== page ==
Alongside streaming her “Online Rave” sessions, Ducky has branched out into other categories as well. Her “Music and Performing Arts” videos therefore also feature music production, so fans can watch her make demos in Ableton and gain some insights along the way, and she’s also active in the “Just Chatting” category, allowing people to catch a glimpse of her personal life. She’s also an avid gamer, and viewers can catch her “very chill 'Animal Crossing' streams”, which hit two marks at the same time: she has fun with them, making for enjoyable content, and "Animal Crossing" is extremely popular at the moment, so that covers the demand part.
As Ducky herself explained, she’s been using Twitch on-and-off for the past three years, so she knows the ropes. And you bet she didn’t acquire over 3,500 followers by posting things at random. Her profile features a clear schedule on which categories and topics to expect and when, thus helping people plan their views better. And people dig it if you respect their time – even during the era of social distancing.
Making kickass content is one thing, but pushing it out there is a whole different animal. For an artist growing up in the age of social media, some ideas might therefore come more naturally. Ducky makes sure her announcements are spread throughout her Instagram, Twitter, Facebook and Discord, usually accompanied by quirky photos and laid-back captions. She also didn’t miss out on spinning other live sets in April (most notably, HARD Summer Festival’s Staycation Virtual Rave-A-Thon, HitCommand’s “Dance Music Gives Back”, and Bandsintown’s charitable “Net Werk”), during which she boosted her exposure and invited people to visit her on Twitch.
This tactical cross-promotion of channels seems to be working in her favour. According to our stats, Ducky gained over 2,300 new Instagram followers in the first three weeks of April 2020 alone – that’s four times as many as she did in the same timeframe a year ago. Her Spotify and SoundCloud following increased as well – compared to her 2019 SoundCloud growth, she gained over 20% of that number in April 2020 alone – and it will be interesting to measure the “spillover effect” in the following months.
If any time is perfect for making your online connections stronger, it’s the time of social isolation. Not only during the “Just Chatting” minutes or gaming streams – all the time. When planning her content, Ducky regularly turns to her fanbase for additional ideas, which sometimes produce unexpected results (see below). But we bet it makes the livestream chat sessions even more fun.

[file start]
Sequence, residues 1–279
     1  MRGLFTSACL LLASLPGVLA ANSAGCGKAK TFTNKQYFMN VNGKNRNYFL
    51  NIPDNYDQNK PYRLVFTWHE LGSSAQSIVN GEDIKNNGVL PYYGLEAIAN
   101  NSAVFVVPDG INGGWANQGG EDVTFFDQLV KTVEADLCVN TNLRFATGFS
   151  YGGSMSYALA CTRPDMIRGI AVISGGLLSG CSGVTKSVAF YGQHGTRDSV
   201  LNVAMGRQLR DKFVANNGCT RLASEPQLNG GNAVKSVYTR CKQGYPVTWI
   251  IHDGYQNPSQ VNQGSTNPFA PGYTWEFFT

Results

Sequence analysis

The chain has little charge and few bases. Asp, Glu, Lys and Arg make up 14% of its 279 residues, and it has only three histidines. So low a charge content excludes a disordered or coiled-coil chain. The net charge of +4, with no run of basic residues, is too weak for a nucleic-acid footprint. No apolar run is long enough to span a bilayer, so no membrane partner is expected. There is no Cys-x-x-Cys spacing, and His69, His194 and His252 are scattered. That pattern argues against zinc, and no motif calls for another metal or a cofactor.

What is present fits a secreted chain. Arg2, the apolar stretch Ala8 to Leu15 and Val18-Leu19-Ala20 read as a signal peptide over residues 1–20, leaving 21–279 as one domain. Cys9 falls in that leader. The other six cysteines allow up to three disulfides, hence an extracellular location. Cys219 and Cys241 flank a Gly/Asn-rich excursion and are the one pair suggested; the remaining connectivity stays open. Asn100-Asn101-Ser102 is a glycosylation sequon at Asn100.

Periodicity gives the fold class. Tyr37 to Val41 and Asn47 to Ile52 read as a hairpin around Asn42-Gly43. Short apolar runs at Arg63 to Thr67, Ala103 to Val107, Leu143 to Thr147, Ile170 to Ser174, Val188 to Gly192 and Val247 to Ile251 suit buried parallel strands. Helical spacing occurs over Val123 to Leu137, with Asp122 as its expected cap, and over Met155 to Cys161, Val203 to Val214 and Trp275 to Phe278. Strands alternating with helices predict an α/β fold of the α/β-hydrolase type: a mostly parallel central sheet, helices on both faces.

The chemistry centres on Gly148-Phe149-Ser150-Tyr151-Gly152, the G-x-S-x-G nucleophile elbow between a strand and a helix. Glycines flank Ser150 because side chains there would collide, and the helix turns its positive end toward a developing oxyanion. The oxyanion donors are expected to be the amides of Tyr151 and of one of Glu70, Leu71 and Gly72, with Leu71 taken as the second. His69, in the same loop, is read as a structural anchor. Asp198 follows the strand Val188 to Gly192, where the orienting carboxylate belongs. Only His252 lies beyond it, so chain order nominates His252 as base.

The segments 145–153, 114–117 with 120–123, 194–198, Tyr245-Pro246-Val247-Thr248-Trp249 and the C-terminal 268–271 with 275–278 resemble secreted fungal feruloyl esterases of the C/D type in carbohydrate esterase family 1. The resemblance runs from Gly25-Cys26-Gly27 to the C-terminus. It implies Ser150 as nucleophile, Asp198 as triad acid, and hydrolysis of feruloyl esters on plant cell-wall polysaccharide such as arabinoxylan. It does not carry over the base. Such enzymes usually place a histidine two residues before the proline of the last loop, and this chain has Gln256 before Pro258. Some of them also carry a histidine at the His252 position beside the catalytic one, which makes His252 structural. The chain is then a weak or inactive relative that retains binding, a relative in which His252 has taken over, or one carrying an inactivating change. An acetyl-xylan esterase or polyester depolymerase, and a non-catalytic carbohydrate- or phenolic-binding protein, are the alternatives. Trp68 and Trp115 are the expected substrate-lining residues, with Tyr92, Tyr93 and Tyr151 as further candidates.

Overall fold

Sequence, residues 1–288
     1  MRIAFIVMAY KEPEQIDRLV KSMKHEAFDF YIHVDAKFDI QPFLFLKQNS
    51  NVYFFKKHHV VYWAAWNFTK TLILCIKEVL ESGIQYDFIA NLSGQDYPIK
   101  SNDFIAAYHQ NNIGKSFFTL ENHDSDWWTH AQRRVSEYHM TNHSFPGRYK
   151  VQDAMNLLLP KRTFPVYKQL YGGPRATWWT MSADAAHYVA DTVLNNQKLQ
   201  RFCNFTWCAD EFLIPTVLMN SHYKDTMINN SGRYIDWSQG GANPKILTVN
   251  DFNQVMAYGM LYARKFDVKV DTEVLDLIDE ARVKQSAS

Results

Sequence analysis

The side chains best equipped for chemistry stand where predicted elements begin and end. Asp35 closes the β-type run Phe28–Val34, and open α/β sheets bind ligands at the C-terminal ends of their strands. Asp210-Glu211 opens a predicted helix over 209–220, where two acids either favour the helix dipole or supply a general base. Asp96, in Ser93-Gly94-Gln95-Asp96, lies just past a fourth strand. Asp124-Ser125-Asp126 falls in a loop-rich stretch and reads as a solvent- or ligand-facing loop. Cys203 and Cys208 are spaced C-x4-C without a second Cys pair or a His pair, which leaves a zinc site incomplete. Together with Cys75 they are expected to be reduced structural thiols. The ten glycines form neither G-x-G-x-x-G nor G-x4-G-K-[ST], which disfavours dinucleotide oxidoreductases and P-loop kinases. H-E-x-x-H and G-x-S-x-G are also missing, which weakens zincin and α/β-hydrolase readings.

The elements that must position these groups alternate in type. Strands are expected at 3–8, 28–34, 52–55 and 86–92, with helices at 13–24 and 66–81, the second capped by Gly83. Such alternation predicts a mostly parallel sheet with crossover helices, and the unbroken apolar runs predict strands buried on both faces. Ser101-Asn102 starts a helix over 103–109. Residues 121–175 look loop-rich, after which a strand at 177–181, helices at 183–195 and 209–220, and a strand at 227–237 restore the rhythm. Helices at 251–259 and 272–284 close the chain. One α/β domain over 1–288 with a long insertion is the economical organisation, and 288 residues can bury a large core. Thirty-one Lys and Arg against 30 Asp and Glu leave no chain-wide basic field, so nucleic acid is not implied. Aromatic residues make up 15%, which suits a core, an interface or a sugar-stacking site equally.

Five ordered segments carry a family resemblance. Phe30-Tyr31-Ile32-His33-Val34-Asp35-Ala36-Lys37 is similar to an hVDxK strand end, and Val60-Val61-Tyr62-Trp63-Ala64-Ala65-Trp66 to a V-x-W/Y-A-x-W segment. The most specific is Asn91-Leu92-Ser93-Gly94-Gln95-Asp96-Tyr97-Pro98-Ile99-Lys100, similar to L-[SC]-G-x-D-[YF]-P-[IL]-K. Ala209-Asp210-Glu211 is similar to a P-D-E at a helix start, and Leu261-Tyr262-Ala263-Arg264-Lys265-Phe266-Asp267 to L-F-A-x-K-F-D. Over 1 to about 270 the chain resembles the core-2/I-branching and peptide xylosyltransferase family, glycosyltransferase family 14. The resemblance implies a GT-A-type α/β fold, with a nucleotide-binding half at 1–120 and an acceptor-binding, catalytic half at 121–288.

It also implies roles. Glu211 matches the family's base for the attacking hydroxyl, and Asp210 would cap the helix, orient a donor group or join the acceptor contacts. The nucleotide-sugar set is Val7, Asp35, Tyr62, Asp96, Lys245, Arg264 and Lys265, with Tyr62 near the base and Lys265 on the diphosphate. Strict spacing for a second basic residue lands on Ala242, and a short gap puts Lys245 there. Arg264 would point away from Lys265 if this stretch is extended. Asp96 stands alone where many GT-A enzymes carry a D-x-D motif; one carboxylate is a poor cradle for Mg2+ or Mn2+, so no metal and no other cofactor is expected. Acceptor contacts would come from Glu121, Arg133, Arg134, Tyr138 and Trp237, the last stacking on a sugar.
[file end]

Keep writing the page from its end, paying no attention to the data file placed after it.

Live gigs are what brings the bread in music biz. When there are no hard tickets to sell, explore other revenue possibilities. Twitch is quite financially focused, supporting various tiers of donations and subscriptions, which allows for more options than, say, paying you according to your number of plays. Ducky doesn’t shy away from directly prompting viewers to support her (and giving props to her top supporters), and combined with selling merch and taking extra care to promote herself online, that’s a smart strategy for an indie musician.
The following months are bound to be exciting in terms of impromptu online “music venues” popping up and artists exploring their creativity, so we’re bound to cover more fresh ideas in upcoming articles. If you have any, feel free to drop us a line here or on our socials.
The right online approach can help you grow –and we're here to help you connect easier. If you're a musician, your profile, automatically updated with all your latest stuff, is probably already on Viberate. You can send it to promoters, talent scouts, and A&Rs, and use the time you'd otherwise spend updating your onepager on making music. Check it out and sign-up to claim it.